FIG. 8 shows a preferred arrangement for coupling the metal cable to a coupling member. The coupling member 100 preferably comprises a generally tubular portion 102 and a plate shaped upper portion 104. The tubular portion 102 contains a truncated cone-shaped cavity 106 which is adapted to receive one longitudinal end of the metal cable 34. The upper disc-shaped plate 104 contains six radially spaced holes 108. Thus, the coupling member can be connected to the means for rotating the brush by means of six bolt and nut arrangements. The truncated cond-shaped cavity 106 preferably contains a pair of circular V-shaped grooves 110 on the inner surface thereof. The purpose of these grooves is to allow a bonding material to securely bond the metal cable 34 to the coupling member 100. Alternatively, projections can be provided on the inner surface of the cavity to accomplish a similar result.
The coupling member is produced by inserting one end of the metal cable 34 into the cavity 106. After the cable is in the cavity, the individual strands of the metal cable are pulled apart and frayed to increase the surface area and to increase the diameter of one end of the cable. After the cable is pulled part and frayed, the strands are cleaned with an appropriate solvent and dried. Thereafter, a bonding material 112 is poured into the cavity. The bonding material is preferably a molten metal such as molten zinc or molten lead. However, the bonding material can be any other type of liquid bonding material which hardens after it is poured into the cavity. FIG. 8, for ease of illustration, shows the cavity only partially filled. However, it is preferable to fill the cavity to the top with a bonding material. By utilizing the improved coupling of the present invention a strong joint for rotating the metal cable can be formed. Since the brush assemblies to be rotated can weigh about 800 pounds, a strong bond is necessary to connect the metal cable with the coupling member.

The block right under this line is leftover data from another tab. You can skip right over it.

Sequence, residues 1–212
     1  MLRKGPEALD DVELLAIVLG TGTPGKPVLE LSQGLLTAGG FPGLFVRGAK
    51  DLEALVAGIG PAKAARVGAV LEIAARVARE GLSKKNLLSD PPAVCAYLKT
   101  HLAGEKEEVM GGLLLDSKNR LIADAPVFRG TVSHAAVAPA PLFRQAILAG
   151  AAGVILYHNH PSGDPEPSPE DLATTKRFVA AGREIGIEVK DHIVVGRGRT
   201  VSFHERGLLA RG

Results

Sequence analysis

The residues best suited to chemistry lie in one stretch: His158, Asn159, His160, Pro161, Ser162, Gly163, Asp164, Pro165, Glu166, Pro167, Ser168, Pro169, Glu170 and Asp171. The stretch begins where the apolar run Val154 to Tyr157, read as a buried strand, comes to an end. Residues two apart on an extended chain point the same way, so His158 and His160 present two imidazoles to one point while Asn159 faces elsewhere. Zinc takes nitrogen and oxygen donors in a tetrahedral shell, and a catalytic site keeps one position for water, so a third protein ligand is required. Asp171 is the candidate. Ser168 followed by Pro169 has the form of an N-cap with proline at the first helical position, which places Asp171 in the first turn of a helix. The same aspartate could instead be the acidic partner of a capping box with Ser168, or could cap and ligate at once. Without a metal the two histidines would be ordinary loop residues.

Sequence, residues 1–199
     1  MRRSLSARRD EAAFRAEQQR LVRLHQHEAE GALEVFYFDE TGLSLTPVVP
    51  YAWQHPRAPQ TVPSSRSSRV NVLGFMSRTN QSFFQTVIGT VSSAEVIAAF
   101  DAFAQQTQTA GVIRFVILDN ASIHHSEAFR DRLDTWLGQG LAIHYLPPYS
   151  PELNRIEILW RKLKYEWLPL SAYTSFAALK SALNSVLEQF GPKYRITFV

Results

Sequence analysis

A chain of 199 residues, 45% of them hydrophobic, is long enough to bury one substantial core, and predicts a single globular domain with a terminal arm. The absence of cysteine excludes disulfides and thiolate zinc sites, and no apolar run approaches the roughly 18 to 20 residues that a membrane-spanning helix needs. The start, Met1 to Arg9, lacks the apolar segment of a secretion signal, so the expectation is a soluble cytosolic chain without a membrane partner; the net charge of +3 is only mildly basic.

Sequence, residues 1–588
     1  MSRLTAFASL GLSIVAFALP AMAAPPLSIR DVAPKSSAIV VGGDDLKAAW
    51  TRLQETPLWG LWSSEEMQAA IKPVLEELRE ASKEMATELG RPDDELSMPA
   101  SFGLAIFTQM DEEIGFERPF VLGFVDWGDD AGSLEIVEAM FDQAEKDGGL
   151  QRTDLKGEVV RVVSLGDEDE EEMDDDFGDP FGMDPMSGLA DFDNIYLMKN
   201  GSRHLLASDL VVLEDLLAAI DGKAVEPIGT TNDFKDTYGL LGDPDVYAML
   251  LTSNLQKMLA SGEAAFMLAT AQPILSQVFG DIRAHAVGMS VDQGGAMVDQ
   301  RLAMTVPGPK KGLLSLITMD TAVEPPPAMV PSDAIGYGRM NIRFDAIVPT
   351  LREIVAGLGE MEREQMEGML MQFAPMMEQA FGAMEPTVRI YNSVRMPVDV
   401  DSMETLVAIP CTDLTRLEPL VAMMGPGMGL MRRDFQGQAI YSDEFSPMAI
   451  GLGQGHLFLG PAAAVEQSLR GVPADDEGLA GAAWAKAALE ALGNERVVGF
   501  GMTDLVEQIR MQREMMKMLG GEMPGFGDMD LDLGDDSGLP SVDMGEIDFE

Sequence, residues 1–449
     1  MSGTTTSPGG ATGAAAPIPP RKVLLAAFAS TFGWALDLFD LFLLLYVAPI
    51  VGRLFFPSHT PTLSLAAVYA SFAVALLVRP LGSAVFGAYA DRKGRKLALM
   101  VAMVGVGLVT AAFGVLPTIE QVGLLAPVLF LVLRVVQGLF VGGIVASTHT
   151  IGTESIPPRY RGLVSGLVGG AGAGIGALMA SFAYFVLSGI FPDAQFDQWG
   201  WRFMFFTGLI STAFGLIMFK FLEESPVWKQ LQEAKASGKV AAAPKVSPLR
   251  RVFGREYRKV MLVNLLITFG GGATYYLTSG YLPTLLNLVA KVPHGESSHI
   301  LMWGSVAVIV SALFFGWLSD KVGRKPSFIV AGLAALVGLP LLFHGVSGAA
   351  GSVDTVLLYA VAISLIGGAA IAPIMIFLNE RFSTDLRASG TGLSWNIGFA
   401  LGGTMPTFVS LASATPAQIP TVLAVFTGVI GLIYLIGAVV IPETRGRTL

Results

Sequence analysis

FIG. 10 is a top view which shows the mounting for the brushes of the present invention. The reference numerals in FIG. 10 are the same as in FIG. 5. FIG. 10 also shows a motor 120, sprocket 122, 124 and chain 126 arrangement which can be utilized to rotate the brushes. The brushes are preferably urged toward each other by a cable 130, pulley 132, and weight 136 arrangement. Before a vehicle enters the apparatus the brushes are in a first closed position whereby the brushes are in the path of the vehicle to be washed. When the vehicle passes through the apparatus, the brushes contact the vehicle and swing apart to a second opened position whereby the vehicle passes between the brushes. FIG. 10 shows the brushes in the first closed position and in the second fully opened position. However, as shown in FIGS. 1-4, it is not necessary for the brushes to swing fully apart because of the flexible nature of the brushes and the flexible coupling which couples the brushes with the means for rotating the brushes. Thus, when the two brushes are contacting the sides of the vehicle, the tops of the brushes may be closer together than the bottoms of the brushes. This arragement is shown in FIGS. 2-4. By utilizing the flexible brushes of the present invention which are made from metal cables the brushes can more easily conform to the surfaces of the vehicle being washed.